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Oral Histories

The SFA oral history program documents life stories from the American South. Collecting these stories, we honor the people whose labor defines the region.


John T. Edge

John Thomas Edge, Jr. grew up as an only child in the small town of Clinton, Georgia, with civil servant parents whose worldview taught him to look beyond the accepted. They were practicing Methodists, but when John T. was 12 years old, his mother took him on a tour of churches and religious services so that he might decide for himself which religion suited him.

They lived “in a white world,” but John T.’s father tried to start an integrated country club. Perhaps this effort stirred something in John T., something that many years later impelled him to leave a corporate job in Atlanta and pursue a degree in Southern Studies—with a special interest in race relations—at the University of Mississippi in Oxford.

At the University of Mississippi, John T. discovered a common thread between food, social justice, politics, and fun. His dissertation was titled The Potlikker Papers. And it was through university connections that John T. met the well-established journalist John Egerton, who quickly became John T.’s mentor, and with whom he formed the Southern Foodways Alliance in 1999. As he was from the beginning, as the organization’s only employee, John T. remains the SFA’s director. At the time of this writing, his staff numbers six.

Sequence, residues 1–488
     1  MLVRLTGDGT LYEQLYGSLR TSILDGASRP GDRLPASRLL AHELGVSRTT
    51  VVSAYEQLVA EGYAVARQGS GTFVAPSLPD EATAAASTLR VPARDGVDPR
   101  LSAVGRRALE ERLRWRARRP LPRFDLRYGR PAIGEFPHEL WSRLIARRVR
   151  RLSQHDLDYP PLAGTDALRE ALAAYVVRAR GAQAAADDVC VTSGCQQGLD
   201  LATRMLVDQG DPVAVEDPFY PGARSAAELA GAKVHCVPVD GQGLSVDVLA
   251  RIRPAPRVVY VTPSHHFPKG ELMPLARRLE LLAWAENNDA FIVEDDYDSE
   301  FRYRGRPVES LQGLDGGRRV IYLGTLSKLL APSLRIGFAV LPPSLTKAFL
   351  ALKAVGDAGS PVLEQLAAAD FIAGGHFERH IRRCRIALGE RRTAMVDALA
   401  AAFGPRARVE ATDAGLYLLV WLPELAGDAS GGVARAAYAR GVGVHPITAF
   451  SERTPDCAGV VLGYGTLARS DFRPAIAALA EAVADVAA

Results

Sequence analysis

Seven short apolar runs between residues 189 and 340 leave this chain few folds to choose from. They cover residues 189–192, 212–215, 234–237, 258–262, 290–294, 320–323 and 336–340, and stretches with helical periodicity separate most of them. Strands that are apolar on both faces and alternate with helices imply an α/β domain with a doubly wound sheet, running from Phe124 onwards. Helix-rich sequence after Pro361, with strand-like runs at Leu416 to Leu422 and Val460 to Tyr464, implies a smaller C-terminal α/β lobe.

In addition to his work with the SFA, John T. has written seven books, appeared on dozens of television shows, and built a life in Oxford with a woman (Blair Hobbs) who stalked him with pig ear appetizers in hand at the very first foodways symposium in 1998.

Date of interview:
2012-02-13 00:00

Sara Roahen, SFA Member


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The Southern Foodways Alliance drives a more progressive future by leading conversations that challenge existing constructs, shape perspectives, and foster meaningful discussions. We reconsider the past with research, scrutiny, and documentation.


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